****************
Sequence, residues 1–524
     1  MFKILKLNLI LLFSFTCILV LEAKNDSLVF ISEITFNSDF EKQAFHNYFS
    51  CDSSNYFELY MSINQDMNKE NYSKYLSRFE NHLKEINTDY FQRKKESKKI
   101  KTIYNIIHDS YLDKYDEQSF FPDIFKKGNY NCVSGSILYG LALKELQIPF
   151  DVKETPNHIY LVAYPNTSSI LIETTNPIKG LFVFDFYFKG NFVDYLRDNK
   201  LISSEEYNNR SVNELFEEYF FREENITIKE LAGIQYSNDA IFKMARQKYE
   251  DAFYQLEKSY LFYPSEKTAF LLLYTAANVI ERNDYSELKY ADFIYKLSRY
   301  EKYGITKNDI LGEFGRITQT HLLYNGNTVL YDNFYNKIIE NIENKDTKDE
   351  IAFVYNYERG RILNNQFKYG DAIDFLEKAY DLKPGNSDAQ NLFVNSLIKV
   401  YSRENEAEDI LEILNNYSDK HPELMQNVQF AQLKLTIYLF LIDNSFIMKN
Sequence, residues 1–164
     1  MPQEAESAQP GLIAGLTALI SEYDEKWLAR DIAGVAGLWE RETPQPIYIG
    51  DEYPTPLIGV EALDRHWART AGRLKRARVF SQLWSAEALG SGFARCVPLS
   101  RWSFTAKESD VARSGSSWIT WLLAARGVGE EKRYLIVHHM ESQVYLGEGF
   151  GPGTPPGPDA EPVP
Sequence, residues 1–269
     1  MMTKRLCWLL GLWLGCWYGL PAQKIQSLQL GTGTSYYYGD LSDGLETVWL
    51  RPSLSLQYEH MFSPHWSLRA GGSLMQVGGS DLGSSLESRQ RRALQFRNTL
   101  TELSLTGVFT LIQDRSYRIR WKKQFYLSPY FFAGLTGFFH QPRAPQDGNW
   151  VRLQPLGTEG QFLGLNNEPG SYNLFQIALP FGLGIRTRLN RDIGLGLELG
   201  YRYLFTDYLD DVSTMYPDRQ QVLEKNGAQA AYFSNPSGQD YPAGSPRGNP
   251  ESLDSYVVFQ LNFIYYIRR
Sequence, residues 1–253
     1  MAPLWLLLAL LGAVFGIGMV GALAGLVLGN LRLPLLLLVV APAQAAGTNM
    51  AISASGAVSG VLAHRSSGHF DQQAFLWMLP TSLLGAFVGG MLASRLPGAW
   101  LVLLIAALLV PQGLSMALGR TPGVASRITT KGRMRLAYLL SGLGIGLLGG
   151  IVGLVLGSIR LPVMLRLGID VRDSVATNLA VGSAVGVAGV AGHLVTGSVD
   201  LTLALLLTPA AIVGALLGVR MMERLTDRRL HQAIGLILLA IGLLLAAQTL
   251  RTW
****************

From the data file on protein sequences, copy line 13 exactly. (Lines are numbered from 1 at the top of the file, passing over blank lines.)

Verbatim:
    51  DEYPTPLIGV EALDRHWART AGRLKRARVF SQLWSAEALG SGFARCVPLS